Eating disorders, such as anorexia, bulimia, and binge-eating disorder, pose a risk to college students’ physical and mental health. Despite eating disorders being more common among females, eating disorder prevalence in college has risen among both male and female students.1 This increase may be due to a number of triggering events, such as the stress of moving away to college, changes in sleep and eating habits, academic and financial stress, and adjusting to new routines. Similarly, there are a number of biological, psychological, and social risk factors for eating disorders.
The popular perception of eating disorders is that individuals are motivated primarily by a desire to be thin. While this may be true, research indicates that the mechanisms by which disordered eating develops or occurs are more complicated. Low self-esteem, how an individual sees their own value, and depression, may all have an impact on disordered eating.2 However, research among a college student sample found low self-esteem and depression alone does not lead to abnormal eating behavior.2 Body dissatisfaction, a negative view of one’s own body, was found to be a mediator between self-esteem and depression, suggesting that body dissatisfaction, in combination with low self-esteem and depression, may have an important role in the development of abnormal eating behavior.2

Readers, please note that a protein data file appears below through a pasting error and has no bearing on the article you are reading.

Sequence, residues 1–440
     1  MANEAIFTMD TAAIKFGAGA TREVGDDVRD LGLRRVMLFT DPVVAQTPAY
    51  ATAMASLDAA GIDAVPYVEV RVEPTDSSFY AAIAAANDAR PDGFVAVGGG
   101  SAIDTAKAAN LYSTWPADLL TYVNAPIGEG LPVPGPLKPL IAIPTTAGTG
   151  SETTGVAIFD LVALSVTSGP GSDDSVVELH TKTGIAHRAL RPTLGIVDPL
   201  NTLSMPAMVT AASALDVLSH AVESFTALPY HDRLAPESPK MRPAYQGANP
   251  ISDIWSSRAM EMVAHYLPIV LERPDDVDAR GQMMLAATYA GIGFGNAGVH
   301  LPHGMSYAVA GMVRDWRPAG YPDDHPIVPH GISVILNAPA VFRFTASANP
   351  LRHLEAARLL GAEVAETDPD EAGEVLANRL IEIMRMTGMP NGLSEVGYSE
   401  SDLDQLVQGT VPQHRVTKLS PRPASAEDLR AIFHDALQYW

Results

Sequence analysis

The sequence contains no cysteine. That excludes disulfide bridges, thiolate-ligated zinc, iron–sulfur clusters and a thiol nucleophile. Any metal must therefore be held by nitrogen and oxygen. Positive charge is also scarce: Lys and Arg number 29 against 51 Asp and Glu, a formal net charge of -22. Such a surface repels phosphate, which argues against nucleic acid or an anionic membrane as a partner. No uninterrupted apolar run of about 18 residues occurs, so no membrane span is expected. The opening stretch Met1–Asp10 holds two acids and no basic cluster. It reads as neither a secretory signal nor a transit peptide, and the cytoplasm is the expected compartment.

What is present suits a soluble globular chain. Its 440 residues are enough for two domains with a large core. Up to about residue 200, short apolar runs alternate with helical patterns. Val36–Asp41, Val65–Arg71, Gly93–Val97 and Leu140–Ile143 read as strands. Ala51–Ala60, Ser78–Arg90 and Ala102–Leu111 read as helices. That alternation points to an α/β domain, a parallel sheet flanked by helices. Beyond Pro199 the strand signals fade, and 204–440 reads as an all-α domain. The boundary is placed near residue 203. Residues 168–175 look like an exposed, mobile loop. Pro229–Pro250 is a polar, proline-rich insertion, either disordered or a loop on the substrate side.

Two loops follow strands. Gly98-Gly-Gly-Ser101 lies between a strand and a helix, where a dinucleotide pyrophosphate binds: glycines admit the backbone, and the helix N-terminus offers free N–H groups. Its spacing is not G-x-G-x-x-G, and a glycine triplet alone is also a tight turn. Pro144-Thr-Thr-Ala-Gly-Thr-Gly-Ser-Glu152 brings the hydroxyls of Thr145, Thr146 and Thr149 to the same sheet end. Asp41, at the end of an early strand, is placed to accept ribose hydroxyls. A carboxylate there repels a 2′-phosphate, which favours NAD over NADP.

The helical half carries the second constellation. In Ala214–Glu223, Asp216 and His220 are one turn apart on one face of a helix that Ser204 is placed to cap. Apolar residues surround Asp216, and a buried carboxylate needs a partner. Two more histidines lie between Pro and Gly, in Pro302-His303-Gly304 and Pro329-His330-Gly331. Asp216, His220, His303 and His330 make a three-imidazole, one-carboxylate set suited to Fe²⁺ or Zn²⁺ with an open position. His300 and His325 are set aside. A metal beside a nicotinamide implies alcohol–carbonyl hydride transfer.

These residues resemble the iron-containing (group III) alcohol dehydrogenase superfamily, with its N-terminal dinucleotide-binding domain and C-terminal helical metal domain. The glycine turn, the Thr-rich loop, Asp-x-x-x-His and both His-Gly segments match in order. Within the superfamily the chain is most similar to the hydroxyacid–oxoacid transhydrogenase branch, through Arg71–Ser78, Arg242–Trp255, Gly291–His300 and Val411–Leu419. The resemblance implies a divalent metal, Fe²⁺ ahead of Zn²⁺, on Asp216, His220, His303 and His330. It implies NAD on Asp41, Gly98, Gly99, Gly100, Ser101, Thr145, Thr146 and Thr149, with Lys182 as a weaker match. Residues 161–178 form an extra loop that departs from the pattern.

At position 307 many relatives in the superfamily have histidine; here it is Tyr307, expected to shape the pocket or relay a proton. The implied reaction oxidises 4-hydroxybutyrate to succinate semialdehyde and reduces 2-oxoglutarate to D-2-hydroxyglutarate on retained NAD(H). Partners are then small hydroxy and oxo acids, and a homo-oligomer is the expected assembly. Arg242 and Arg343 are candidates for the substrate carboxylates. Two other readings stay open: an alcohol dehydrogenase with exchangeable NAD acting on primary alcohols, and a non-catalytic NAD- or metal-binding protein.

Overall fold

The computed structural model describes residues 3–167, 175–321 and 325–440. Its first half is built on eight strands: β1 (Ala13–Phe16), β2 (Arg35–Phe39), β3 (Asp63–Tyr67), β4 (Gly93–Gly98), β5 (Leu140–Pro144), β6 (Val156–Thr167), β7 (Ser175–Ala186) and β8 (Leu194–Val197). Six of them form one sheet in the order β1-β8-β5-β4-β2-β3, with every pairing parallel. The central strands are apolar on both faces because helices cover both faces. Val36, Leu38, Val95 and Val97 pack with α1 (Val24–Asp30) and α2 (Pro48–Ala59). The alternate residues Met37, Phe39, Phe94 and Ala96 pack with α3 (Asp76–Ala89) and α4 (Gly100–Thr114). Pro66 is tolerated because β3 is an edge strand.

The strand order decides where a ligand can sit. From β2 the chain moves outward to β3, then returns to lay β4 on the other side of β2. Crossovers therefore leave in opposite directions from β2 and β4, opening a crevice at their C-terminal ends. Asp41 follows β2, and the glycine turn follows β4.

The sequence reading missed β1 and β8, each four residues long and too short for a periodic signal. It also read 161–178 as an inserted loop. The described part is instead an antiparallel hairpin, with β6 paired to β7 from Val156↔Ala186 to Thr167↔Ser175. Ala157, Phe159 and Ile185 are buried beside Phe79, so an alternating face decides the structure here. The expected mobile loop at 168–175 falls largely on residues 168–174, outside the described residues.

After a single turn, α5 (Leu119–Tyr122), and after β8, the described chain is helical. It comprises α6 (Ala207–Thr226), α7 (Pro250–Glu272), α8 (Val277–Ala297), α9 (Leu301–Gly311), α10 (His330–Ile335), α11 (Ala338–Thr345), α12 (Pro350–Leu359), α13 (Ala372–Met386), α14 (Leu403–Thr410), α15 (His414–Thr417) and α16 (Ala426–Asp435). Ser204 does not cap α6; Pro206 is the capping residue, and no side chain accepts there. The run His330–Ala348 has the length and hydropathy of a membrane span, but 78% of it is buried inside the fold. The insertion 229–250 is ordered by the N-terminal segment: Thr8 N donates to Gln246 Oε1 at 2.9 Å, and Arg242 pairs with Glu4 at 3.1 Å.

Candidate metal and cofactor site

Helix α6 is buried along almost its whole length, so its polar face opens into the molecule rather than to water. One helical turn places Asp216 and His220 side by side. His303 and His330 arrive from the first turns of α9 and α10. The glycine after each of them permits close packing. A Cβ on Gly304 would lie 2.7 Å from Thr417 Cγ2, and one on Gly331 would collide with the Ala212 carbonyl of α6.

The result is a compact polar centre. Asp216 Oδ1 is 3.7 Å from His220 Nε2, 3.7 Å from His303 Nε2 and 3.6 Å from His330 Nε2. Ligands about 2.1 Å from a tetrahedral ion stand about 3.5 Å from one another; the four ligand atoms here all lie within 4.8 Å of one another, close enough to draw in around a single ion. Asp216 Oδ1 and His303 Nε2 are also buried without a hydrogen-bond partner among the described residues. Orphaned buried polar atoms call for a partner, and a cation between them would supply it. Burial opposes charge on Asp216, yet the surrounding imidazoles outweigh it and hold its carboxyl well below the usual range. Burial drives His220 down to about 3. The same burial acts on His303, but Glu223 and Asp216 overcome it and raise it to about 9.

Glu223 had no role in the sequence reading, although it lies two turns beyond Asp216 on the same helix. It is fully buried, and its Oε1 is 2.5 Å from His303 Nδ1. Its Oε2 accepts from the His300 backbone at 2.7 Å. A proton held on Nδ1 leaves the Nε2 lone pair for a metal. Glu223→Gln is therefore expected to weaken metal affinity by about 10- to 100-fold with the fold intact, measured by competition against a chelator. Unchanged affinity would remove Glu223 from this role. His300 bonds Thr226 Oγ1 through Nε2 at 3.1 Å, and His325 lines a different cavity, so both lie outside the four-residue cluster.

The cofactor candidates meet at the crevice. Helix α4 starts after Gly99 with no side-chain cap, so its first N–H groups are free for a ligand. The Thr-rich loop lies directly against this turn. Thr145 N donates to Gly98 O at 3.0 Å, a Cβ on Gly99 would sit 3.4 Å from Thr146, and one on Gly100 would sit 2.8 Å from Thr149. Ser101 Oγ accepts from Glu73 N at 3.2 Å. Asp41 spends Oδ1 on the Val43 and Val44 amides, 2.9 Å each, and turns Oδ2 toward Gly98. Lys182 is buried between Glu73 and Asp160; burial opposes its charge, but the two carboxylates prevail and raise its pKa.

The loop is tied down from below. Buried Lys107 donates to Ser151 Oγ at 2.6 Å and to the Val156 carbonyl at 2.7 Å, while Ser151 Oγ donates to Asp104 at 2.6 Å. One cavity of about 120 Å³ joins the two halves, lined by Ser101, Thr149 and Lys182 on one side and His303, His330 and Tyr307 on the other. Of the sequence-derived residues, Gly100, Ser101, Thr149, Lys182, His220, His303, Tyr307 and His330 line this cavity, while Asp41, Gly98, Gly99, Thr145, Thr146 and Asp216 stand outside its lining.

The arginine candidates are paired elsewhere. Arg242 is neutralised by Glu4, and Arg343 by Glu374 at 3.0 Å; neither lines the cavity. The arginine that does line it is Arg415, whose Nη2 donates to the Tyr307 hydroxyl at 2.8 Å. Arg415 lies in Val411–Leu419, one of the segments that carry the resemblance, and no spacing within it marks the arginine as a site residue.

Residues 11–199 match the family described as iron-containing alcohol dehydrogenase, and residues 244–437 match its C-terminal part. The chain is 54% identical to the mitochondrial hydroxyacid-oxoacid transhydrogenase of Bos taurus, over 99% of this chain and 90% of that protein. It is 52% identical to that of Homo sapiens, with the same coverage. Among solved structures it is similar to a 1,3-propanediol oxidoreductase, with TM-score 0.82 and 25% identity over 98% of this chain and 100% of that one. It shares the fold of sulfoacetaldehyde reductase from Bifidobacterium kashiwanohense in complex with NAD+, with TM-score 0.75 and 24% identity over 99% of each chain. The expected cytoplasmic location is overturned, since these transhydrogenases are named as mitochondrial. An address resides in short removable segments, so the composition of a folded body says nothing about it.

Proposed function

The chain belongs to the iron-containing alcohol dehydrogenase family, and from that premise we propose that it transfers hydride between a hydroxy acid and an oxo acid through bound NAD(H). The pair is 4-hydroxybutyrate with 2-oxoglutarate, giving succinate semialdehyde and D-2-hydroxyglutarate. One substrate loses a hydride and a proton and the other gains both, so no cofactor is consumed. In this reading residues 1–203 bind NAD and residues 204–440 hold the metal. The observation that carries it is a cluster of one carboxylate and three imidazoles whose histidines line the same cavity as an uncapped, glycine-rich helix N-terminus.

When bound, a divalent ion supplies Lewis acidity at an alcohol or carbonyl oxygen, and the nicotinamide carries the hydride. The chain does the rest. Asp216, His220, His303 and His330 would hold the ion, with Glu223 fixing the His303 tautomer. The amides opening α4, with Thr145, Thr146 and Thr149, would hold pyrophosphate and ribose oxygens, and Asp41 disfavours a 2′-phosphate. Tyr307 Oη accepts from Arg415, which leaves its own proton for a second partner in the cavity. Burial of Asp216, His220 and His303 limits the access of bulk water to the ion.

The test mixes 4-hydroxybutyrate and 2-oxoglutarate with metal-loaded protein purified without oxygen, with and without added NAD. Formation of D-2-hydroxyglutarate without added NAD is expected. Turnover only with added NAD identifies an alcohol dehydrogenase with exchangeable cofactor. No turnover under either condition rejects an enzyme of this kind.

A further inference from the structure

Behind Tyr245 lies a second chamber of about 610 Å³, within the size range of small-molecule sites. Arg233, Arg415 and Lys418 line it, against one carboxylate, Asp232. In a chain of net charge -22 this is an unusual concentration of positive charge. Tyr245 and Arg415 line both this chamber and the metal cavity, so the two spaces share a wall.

What can we do with this information? Understanding and being aware of some of the underlying psychological factors of eating disorders and abnormal eating behavior can help us help students. Eating disorders in college are often untreated or undiagnosed as students will typically hide their behavior. Low self-esteem and signs of depression may be easier to notice in a classroom than abnormal eating behavior. Reaching out to students, fostering a body positive environment, and providing them with resources (such as the Counseling Center) are a great way to support students who may be struggling with low self-esteem, depression, body dissatisfaction, or abnormal eating behavior.
For more information about eating disorders and signs of abnormal eating behavior, visit the National Eating Disorders Association.
1National Eating Disorders Association (2013). Eating disorders on the college campus. https://www.nationaleatingdisorders.org/sites/default/files/CollegeSurvey/CollegiateSurveyProject.pdf
2Lim, S. A., & You, S. (2017). Effects of self-esteem and depression on abnormal eating behavior among Korean female college students: Mediating role of body dissatisfaction. Journal of Child and Family Studies, 26, 176-182. doi: 10.1007/s10826-016-0542-2